By the time I’d torn myself way, there were only about 40 minutes left of the convention, and that’s when I found, tucked away in the corner, Horizon Zero Dawn. I really wanted to have a go on that, but I was too late; they’d accepted their final group of people. I’ve really wanted just to know what that game is and if I should get excited about it. Unfortunately, I’m going to have to wait until the game has more information made public, or when it is reviewed – what a struggle life is.

It then wasn’t long before the event was closed, and I was heading home. I’d had a pretty great day out, even though I didn’t feel I’d achieved very much, but you could say that is what makes a day great. I’m for sure going back next year, and probably every year – it’s not something I’d miss, unless they moved it to Swindon or somewhere.

This post ended up a lot longer than I thought it’d be. This is why people have editors, I suppose, but because I don’t, you’ll have to manage for now – poor you.

Enderal – Just Fantastic

EDIT (28/09/16) – You may want to disregard my comments regarding the loading times, as it turns out it was an issue with my motherboard. I got suspicious when every one of my games started to have an eternity for a loading time. Blame me; I should have investigated further rather than blindly assume. I’ll try not to make that mistake again.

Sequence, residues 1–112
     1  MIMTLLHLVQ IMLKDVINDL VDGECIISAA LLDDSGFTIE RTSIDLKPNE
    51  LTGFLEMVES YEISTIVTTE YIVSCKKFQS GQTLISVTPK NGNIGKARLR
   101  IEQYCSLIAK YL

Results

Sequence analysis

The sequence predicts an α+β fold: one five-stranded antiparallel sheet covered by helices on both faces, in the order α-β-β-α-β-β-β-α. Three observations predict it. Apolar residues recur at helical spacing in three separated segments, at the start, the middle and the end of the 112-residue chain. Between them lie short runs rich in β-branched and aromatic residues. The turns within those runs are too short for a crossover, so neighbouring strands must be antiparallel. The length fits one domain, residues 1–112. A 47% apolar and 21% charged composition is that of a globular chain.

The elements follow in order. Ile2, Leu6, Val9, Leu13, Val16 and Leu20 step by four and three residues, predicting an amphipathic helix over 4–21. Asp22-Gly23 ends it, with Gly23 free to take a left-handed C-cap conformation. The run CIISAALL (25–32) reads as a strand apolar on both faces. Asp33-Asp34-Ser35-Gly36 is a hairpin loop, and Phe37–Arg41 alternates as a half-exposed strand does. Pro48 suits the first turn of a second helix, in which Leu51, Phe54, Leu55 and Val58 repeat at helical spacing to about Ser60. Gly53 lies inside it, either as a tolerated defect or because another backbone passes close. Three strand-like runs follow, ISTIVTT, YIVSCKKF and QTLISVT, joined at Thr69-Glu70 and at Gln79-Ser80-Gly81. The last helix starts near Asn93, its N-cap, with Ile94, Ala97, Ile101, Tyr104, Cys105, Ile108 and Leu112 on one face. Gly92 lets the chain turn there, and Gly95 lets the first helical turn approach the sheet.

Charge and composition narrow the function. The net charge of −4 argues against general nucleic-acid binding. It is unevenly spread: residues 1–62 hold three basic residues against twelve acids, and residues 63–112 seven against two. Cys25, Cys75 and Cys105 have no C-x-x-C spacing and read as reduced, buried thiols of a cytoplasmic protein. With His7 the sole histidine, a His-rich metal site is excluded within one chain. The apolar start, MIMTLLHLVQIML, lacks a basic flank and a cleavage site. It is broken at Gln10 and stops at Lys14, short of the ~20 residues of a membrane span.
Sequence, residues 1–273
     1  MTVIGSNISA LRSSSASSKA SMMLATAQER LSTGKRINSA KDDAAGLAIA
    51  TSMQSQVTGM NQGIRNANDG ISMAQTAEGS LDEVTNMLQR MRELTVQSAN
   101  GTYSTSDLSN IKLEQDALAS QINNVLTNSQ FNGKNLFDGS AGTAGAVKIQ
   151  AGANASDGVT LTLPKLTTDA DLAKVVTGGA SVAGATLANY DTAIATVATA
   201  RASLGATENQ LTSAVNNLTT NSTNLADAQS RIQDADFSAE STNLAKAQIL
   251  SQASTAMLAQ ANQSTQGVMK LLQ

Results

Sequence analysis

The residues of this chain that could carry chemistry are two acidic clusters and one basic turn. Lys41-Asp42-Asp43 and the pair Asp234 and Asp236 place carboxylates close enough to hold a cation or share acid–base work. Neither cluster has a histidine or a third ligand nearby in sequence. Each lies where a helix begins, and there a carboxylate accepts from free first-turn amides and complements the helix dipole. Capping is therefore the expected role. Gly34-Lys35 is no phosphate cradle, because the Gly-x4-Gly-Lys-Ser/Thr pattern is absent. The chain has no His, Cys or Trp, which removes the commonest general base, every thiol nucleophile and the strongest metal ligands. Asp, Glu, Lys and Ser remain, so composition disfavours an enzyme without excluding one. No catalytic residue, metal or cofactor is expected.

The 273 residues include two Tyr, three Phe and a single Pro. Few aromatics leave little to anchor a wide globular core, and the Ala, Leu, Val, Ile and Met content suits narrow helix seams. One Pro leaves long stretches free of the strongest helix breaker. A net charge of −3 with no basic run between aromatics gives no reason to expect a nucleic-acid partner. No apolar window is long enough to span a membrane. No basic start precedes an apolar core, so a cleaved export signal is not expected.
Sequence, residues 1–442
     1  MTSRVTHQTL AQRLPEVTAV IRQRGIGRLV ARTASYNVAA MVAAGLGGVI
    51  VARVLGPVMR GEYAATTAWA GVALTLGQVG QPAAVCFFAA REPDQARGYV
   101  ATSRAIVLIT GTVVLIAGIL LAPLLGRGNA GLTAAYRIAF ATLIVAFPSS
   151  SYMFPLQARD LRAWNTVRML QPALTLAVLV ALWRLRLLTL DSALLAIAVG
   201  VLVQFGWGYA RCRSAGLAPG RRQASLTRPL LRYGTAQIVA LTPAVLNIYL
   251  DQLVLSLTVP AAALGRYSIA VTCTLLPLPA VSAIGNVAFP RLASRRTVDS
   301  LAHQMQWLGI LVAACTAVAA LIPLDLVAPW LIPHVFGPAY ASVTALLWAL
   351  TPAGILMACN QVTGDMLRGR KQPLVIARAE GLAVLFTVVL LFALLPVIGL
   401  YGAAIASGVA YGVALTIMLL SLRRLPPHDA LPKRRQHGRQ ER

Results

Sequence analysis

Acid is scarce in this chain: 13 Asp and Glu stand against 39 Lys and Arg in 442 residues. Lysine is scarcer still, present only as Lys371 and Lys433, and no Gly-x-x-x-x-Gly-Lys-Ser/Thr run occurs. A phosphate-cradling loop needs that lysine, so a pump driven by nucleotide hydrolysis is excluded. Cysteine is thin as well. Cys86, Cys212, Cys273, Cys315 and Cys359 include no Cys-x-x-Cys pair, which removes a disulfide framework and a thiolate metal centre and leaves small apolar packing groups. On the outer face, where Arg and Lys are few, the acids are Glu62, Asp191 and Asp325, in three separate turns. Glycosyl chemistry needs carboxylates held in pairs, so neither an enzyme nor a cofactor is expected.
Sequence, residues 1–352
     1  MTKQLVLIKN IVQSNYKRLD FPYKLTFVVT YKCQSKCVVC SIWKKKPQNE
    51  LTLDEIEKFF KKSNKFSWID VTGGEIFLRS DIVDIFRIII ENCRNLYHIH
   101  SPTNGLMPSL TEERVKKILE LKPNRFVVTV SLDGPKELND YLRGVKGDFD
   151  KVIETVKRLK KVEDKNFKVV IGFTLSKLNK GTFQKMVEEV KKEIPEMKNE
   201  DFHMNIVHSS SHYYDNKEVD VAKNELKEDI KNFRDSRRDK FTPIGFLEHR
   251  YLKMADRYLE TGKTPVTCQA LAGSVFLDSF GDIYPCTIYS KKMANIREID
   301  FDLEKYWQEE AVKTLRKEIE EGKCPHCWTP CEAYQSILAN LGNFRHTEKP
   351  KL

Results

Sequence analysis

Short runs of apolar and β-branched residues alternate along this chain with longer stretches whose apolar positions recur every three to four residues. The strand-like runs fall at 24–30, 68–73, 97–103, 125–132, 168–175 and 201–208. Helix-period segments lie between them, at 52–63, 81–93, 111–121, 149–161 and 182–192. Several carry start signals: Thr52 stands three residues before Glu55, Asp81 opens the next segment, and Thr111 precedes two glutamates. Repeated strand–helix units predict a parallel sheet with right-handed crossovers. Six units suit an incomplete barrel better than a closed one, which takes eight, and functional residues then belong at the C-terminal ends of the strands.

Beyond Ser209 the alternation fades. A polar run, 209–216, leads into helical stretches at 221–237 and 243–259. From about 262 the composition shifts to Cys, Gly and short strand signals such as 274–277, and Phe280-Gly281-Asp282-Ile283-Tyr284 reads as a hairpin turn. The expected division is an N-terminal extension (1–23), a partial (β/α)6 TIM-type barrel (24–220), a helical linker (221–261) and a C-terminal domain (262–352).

So, with the Elder Scrolls VI not coming to us until the year one million and a half, I suppose we’ll all have to compromise. And compromise we shall, with the new, highly anticipated mod from Sure AI, Enderal. Sure AI was behind such mods as Cube Experimental – for Fallout 3, Nehrim – for Oblivion, and now Enderal – for Skyrim. But what is Enderal? Enderal is a “total conversion mod for Skyrim” which literally changes everything about the game – the world, the story, the quests, the character system, levelling, skills, graphics, the UI – in short, it’s basically a whole new game using Skyrim’s engine. It’s incredible what this small team of twelve people, with no budget, have managed to achieve – they’ve created a game with “at least 30 hours of gameplay”, a massive, beautiful world to explore, and an epic story line. But is it actually good, and does my title allow for any kind of suspense? Let’s find out.

The Map of Enderal.

Enderal  is fantastic – it’s even beyond fantastic – it’s bloody impressive and I think I love it. I’m saying this although I haven’t had too much of a chance to actually play that much of it, but the amount I have played has really impressed me. Starting with the world, it’s actually quite large and very pretty – even without ENB enabled (you can’t use ENB with Enderal) – and a lot of fun to explore. I can see myself getting lost in the world in the same way I often get lost in Skyrim’s, the world is full of rolling hills and expansive countryside which gives you a real sense of being in the open world and being able to explore anywhere you like. To put it neatly, the world is pretty great, and on par with the beauty of Skyrim’s.